If you were wondering about that inquiry by the Marketing Research and Intelligence Association into inaccurate polling that marred the October 2017 Calgary civic election, don’t hold your breath.
Publication of the inquiry by three panelists engaged by the national standards association for public opinion research companies was expected soon – until the MRIA issued a terse statement this morning announcing it is folding its tent immediately and going out of business.
Now the release of the report, mentioned in this space earlier today, is clearly in doubt.
“We want to inform you that the Marketing Research and Intelligence Association will cease day to day operations effective on July 31st,” the statement said. (That would explain why they weren’t answering their phones yesterday.)
“The organization will be formally wound down during the month of August. The Board of Directors reached this decision after careful consideration and consultations. The organization’s current financial situation leaves no other possible alternative. With a steady erosion of membership revenues and subsequent to the recent Annual Conference that left us with a significant shortfall, we are compelled to undertake this action.”
That was all they had to say.
This development, apparently unexpected by almost everyone in the industry until rumours began to spread yesterday, raises the question of what will happen to the report by the three-member panel, which is said by some who heard a discussion about a preliminary version at the MRIA conference in Vancouver last month to have been highly critical of some industry members.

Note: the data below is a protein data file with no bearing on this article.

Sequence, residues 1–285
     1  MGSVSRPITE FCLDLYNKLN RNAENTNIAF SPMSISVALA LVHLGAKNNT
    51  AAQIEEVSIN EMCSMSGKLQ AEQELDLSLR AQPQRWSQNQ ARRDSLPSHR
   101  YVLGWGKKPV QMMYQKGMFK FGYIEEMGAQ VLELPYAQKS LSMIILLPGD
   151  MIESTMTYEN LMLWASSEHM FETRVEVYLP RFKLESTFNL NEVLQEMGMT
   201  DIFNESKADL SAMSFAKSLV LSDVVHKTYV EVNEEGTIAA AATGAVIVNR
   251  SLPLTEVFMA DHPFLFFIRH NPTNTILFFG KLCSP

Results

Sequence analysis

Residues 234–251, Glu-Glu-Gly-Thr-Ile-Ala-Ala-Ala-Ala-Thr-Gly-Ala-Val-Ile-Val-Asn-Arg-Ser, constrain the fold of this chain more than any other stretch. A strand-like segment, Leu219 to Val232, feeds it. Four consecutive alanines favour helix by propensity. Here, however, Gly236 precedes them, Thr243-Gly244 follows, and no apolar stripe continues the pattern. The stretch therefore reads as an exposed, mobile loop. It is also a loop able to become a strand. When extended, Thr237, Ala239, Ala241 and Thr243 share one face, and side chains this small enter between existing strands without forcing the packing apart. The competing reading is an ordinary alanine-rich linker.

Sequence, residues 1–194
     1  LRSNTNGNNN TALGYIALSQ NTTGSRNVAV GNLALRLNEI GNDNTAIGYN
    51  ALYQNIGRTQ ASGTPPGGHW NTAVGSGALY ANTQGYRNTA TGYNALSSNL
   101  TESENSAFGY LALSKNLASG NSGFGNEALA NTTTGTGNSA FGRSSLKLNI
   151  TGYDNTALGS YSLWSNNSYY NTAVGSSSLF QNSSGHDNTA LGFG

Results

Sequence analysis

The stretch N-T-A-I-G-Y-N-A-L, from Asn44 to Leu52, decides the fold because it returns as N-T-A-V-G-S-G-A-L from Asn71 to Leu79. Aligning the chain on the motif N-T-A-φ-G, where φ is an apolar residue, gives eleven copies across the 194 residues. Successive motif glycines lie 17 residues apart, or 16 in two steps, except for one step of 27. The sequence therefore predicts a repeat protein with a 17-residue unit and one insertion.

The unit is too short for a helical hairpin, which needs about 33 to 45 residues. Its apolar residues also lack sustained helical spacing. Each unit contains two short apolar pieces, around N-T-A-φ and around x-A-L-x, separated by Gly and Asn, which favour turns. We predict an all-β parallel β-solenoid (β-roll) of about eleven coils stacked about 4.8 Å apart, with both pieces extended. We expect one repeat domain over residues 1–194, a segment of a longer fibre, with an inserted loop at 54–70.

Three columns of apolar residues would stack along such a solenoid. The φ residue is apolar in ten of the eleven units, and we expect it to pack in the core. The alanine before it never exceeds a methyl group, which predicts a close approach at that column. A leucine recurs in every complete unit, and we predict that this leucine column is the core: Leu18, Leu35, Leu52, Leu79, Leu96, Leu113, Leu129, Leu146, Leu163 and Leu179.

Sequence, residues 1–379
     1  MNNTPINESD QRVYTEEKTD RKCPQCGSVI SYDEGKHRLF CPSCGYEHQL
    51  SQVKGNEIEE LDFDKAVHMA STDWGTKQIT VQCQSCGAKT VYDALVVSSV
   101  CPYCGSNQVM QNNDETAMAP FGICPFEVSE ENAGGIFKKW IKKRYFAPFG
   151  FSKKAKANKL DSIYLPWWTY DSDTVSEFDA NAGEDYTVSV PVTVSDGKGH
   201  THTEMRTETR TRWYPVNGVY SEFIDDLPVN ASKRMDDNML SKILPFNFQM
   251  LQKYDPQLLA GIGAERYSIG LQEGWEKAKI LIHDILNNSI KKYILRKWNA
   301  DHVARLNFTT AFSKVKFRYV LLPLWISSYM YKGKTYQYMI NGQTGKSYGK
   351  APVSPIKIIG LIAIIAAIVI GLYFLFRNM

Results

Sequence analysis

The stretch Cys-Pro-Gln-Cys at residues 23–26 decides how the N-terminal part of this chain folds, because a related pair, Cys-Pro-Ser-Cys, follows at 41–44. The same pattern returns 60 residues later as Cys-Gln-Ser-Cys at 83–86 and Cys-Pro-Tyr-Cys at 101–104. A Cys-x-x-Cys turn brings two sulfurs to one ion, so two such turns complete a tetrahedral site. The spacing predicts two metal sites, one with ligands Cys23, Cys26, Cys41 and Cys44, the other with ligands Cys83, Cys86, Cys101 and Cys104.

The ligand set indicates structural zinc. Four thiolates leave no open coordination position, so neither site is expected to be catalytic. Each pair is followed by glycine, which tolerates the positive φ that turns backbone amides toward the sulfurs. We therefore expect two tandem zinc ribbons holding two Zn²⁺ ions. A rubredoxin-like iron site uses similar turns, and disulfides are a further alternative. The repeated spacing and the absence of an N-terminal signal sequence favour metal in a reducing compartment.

Carleton University Journalism Professor Paul Adams, one of the three high-profile inquiry members, said this morning the surprise announcement leaves the panel “in a bit of a quandary.”
“We submitted the report in May, but the MRIA did not release it as we expected,” he said. “The panel hopes to consider how to proceed in the next week or so.”
Well-known Calgary pollster Janet Brown, who was interviewed by the panel, was critical of the MRIA. “This was an organization that wasn’t enforcing standards, and that was dangerous to the industry,” she told me this morning.
“Good riddance,” Ms. Brown said in a cranky Tweet.
Now we may not get to see the panel’s important report, she added in her conversation with me. “I hope that leaders in the industry who care about standards can regroup.”
A story just posted in iPolitics quotes industry insiders suggesting no one saw this coming. “Some of Canada’s biggest stakeholders and CEOs in the market research industry converged over a half-hour phone call (this) morning to talk about what’s next for market research standards and practice in Canada,” the story reported.